Adam Blatner

Words and Images from the Mind of Adam Blatner

What’s Wrong & How To Fix It

Originally posted on March 7, 2013

Of course this title is presumptuous, but it’s a grabber. Really, I don’t claim to address all problems, as the Scarecrow in the Wizard of Oz movies sang in If I Only Had a Brain: “I would answer every riddle for every individ’le….”

On the other hand, I do think that a great deal of socio-psycho-pathology—minor stuff, people being foolish with each other—I’m not talking about major mental illness—has to do with several themes:
    1. Common cultural assumptions that disguise childish attitudes of unrealistic expectation and entitlements.
    2. Common illusions that are not recognized as illusions and taken as real. These have to do with the sense of self as unified, the sense that one is primarily conscious, that whatever illusions are operating are trivial—for the most part people are clear-thinking, that we say what we mean, and on and on. Careful examination of all of these and many other suggest the opposite.
    2a. Since it seems as if there are few illusions—well, they wouldn’t be illusions if they seemed like illusions, now, would they?—, there is no great reason to look for or minimize them. There isn’t much need for intellectual humility.
    2b. Intellectual humility is actually too close to being humiliated by teachers and/or tests by not knowing precise facts. People need to restore their self-esteem by assuming they’re okay. Anything that hints at less-than-okay is rejected. This problem in differentiation must be corrected, mainly through a school experience that doesn’t penalize and thus humiliate the lack of knowledge of facts.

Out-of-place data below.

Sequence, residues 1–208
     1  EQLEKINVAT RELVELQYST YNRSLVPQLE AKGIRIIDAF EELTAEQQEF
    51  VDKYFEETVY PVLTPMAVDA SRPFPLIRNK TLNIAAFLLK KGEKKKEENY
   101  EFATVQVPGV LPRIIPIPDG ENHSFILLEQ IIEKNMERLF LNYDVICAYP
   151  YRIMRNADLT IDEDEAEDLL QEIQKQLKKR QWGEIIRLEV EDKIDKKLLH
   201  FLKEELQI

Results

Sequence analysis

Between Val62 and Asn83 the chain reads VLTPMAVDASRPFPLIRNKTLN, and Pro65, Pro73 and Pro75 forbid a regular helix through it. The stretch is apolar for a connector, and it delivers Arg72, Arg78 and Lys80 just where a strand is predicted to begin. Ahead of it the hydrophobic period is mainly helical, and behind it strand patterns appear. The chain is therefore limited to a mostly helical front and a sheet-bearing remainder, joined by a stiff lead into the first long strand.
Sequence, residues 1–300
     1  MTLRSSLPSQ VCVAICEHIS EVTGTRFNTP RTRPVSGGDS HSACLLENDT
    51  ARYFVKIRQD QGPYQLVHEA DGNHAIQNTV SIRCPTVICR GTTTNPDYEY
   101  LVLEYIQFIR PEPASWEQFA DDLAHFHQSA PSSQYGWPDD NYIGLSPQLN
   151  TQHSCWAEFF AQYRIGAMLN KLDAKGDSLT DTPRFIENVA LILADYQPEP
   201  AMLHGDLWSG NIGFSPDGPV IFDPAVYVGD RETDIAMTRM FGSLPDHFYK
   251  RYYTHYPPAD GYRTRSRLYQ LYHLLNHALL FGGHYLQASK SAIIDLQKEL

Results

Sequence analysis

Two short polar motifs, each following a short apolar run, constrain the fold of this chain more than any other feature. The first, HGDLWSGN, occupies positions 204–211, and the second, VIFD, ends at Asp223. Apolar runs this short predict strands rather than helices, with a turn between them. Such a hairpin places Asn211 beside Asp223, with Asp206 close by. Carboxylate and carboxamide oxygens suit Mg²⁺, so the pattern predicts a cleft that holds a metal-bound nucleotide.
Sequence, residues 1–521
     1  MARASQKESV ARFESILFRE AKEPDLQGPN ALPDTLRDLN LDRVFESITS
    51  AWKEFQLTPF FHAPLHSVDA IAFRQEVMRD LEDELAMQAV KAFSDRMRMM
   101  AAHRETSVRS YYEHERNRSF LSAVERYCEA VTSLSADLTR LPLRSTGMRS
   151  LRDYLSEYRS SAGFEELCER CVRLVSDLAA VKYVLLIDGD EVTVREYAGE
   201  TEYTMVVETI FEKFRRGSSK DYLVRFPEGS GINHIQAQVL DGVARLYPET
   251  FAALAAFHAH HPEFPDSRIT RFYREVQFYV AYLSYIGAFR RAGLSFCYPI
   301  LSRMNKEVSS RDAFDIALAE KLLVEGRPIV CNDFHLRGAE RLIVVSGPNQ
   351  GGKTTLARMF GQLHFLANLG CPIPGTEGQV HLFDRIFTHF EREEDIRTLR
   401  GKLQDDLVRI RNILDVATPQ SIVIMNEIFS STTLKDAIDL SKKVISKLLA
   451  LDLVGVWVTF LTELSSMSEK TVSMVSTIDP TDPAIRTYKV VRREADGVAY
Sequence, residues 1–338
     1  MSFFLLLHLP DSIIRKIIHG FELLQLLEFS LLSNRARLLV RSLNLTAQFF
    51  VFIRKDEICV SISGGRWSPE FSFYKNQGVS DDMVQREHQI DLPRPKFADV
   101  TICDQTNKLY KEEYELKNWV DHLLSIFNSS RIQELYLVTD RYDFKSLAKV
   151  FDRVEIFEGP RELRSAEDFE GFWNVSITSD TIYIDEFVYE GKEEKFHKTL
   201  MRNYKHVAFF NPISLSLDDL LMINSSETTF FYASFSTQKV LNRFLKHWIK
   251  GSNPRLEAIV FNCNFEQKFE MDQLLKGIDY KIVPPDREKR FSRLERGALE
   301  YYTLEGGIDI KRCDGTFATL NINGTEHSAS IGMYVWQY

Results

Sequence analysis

3. Most people really don’t know any better way of working out problems without feeling either humiliated that one may have submitted to the other or ashamed that one had to use near-sadistic brute force to win. There is a primitive belief that people can argue without all the emotional garbage, that it’s a vigorous disagreement between equals. This is so not so in most cases.
      3a. Conscious conflict resolution and negotiation is not taught in the world much and as a field, peacemaking, has only begun to be thought out.
  4. We have not begun to open to the degree that we think and act unconsciously and subconsciously. It’s sort of like our not really believing in germs because they’re invisible.

It will take some time to shift these common beliefs and get a more realistic balance in thinking that recognizes the true nature of depth psychology. Part of this will require a shift in the valuing of people—and self-valuing—not in whether one knows facts to gumption, willingness to keep going. We need to reduce shame—direct or indirect—as a toxic agent and instrument of motivation in school and childhood sports by at least 2/3!

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